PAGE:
Cyborg Superman's quest for death has a grand, mythic quality that adds an epic, tragic undercurrent to this latest evil scheme. The flashbacks of his viewpoint of Blackest Night were quite moving, painting his invisibility to Nekron and the Black Lanterns as equally macabre and melancholy. This issue added more new facets to the space opera dynamic I've enjoyed so much about this title, especially with the revelation of Stel keeping his robot community hidden underground from the Alpha Lanterns at the end. Oddly, that's something that could've easily come off as being very " Futurama" if played wrong, but it was a stand-out scene as it turned out.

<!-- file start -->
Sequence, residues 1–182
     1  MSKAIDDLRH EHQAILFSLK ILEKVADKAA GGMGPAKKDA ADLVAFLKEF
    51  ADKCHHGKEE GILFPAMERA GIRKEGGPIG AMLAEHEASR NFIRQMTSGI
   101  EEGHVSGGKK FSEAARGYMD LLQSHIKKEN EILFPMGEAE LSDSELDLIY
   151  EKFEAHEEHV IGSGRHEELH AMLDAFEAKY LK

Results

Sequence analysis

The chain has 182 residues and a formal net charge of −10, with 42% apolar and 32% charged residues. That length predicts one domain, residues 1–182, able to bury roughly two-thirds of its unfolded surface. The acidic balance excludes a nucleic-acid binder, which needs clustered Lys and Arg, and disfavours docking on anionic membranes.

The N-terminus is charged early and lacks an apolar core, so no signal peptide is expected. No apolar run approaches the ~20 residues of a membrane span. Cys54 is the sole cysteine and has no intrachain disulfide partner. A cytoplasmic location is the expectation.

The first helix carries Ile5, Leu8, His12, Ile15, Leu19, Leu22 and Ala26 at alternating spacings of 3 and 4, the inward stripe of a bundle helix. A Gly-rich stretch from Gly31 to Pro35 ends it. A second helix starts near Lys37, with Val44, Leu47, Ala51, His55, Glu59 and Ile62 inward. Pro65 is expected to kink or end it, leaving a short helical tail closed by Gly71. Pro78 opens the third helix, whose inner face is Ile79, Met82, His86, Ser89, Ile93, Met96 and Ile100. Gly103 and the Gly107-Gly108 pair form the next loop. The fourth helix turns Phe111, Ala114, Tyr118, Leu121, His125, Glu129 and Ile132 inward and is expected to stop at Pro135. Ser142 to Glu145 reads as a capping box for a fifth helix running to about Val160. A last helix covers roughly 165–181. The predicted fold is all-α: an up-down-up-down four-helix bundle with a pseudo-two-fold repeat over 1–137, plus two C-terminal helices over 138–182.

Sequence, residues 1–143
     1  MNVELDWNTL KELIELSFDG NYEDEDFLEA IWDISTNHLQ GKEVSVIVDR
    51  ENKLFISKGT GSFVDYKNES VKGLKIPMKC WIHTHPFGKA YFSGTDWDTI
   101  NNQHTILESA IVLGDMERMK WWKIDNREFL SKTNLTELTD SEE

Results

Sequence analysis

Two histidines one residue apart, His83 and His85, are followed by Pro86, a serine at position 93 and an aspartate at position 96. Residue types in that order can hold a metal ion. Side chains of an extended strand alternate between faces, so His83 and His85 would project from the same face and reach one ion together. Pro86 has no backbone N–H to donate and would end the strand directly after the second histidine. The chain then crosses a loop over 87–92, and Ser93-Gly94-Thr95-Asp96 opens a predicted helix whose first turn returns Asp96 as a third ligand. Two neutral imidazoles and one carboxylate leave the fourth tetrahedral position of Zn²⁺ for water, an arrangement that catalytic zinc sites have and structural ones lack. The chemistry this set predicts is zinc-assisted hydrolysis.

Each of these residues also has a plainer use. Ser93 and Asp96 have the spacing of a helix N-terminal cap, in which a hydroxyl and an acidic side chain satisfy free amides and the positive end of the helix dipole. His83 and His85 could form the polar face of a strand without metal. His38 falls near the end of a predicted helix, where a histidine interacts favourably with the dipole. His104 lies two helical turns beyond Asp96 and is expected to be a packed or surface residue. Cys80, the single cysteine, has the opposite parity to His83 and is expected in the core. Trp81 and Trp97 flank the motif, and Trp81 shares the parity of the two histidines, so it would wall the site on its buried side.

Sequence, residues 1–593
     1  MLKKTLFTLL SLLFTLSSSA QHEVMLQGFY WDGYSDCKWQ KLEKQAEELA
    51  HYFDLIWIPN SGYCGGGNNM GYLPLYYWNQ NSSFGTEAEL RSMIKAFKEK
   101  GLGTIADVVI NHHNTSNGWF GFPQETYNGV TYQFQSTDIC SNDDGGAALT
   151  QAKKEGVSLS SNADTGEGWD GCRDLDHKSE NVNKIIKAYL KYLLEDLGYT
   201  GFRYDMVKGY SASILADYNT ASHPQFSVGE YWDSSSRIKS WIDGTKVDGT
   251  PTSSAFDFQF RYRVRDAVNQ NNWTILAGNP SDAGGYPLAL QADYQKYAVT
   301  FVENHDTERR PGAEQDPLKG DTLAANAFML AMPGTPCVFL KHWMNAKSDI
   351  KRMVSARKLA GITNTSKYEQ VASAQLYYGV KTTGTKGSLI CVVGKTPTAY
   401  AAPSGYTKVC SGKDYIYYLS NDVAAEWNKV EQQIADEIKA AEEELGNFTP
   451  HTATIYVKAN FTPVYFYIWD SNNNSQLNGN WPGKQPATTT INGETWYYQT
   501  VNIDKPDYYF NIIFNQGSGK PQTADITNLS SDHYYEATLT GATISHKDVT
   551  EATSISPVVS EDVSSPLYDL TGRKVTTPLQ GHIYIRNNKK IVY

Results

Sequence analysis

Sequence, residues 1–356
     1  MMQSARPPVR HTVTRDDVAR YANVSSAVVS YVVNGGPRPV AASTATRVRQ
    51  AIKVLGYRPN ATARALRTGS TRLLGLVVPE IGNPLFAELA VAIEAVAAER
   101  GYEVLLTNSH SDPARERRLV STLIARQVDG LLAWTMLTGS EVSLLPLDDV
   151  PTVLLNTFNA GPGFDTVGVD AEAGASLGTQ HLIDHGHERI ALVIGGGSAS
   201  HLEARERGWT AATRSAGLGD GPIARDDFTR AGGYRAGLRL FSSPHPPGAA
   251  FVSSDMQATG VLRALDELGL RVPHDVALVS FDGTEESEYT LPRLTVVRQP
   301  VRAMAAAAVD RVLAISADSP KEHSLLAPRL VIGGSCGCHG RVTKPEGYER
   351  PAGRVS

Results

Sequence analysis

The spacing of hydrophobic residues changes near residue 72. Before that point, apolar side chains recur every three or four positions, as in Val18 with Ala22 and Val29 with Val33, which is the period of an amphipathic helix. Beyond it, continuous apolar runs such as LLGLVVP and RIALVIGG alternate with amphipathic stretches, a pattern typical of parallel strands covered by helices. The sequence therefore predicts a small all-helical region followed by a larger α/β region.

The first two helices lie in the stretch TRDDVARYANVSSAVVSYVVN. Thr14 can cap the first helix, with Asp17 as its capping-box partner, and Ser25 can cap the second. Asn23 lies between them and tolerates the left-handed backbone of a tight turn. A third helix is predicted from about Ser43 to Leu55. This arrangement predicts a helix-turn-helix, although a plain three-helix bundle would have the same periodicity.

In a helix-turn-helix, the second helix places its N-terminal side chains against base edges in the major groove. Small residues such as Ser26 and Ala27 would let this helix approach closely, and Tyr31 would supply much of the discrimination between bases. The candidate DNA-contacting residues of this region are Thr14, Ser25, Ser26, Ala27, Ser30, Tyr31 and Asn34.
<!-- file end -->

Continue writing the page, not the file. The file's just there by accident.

If this is supposed to be a storyline that brings Cyborg Superman back in a big way, then I can't help but think that the character desperately needs a make-over. It's been almost 20 years since the Death of Superman and the reasons for Hank Henshaw pretending to be Superman haven't been relevant in as many years. Worse yet, his name and appearance can't be anything but confusing to somebody unfamiliar with the deep annals of DC continuity. Also, for a character who's established in flashbacks as being pedantic in his speech, a lot of his lines ran a little too colloquial for the kind of evil space lord he's supposed to be.
The Verdict - 3.5/5
As I said in my review of this weeks' Green Lantern, I continue to be intrigued by how the various light corps play out in the greater DCU cosmology following Brightest Day. This isn't quite up to the level I enjoyed during the Tomasi/ Gleason run on this title, but the spotlight on Cyborg Superman was a genuinely-moving character study, even if I think he's sorely due for a revamp.